PENSACOLA — For many scuba divers, the thrill of visiting the sunken aircraft carrier U.S.S. Oriskany is touching the deck.
But Hurricane Gustav pushed the wreck deeper, putting the deck just out of safe reach of recreational divers and threatening the appeal of the underwater tourist attraction.
When the ship was sunk in May 2006, the flight deck was 135 feet down, 5 feet outside the recreational diving limit, but instructors said it still was relatively safe for tempted divers to make the touch.
"People just had to touch it," said Eilene Beard, co-owner of the Scuba Shack. "And we'd say, 'Okay, bounce down there and touch it and get back up here so you don't use all your nitrogen.' "
But after Hurricane Gustav pushed through the Gulf of Mexico, the sunken ship shifted about 10 feet deeper.
To an untrained diver, 10 feet may seem insignificant, but instructors fear it could affect the appeal and safety of the local attraction.
"That extra 10 feet made a huge difference," said Jim Phillips, owner of MBT Divers. "What makes the aircraft carrier different than any other ship out there is that flight deck. And everyone wants to touch that flight deck. Now that it's at 145 feet, it's luring divers a significant amount past that 130-foot limit."
Diving the Oriskany was the clincher for New York resident Bradley Gaiser. It was part of the reason the 47-year-old master scuba diver and his bride wanted their wedding in Pensacola recently.
He'd made the dive before. He'd traveled through the top of the impressive sunken wreck. He'd seen the array of marine life. But this time he was back to touch the famous flight deck.
"A lot of my students want to know how deep I can go," Gaiser said. "There's no reason to go down there other than to say that I did it."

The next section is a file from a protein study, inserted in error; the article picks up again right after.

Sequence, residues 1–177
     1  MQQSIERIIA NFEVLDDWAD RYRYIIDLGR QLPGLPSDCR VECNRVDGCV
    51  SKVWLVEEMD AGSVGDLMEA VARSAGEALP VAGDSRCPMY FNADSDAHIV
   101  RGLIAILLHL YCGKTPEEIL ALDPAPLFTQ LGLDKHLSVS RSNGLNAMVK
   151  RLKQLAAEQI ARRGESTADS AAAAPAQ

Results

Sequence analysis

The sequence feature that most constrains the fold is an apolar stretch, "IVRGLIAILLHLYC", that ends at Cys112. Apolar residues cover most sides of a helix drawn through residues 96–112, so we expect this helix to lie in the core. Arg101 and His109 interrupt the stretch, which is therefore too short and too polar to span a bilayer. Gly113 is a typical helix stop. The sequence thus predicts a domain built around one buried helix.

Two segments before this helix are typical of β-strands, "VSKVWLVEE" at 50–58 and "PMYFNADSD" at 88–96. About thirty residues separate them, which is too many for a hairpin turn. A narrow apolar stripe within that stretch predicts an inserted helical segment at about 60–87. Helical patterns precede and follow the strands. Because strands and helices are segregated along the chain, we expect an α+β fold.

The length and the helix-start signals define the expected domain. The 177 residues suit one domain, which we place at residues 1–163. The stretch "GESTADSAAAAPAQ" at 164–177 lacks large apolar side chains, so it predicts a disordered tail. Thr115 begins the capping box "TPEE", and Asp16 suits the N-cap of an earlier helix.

Without proper equipment and training, the added pressure of reaching that depth can be dangerous to divers.
"The farther you go down, the more you push your limits," said Beard, who also is chairwoman of the Escambia County Marine Advisory Committee.
Specific combinations of oxygen and nitrogen are mixed for different depths, Beard said, and exceeding the 130-foot mark can be very dangerous without preparation and training.
At farther depths, the bloodstream absorbs more nitrogen, which can lead to nitrogen narcosis, a feeling of drunkenness and skewed judgment, or decompression sickness upon ascent, where nitrogen bubbles can build up under the skin, tissues, joints and against the spinal column.
Deeper dives also reduce "bottom time" — the amount of time available to dive based on the amount of oxygen and nitrogen consumed.
Unfortunately for Gaiser, bad weather kept him from making the dive. Gaiser is a trained technical diver who is certified to dive to depths of 200 feet.
And so is his friend Gerry Mosconi, 48, who also traveled from New York and made the morning dive. While certified to dive outside of the recreational limit, Mosconi said he resisted touching the flight deck because he had not brought the proper equipment and was not willing to take the risk.
"There's that sort of people who take a car out and see how fast it will go," Mosconi said. "They're not trained for it. They can't handle it. Sometimes they get lucky, and sometimes they don't."
A May 2007 report by the Haas Center measuring the Oriskany's impact on the local economy estimated that in Escambia County 37 jobs and $2-million in local output were generated.
Area shop owners feared that news of the shift might deter potential divers. After Gustav, business tapered off, Beard said. But she said she's been overwhelmed lately with calls from people asking about its condition.
"Now we have to re-educate people on it, but it's still a perfectly viable dive," Beard said.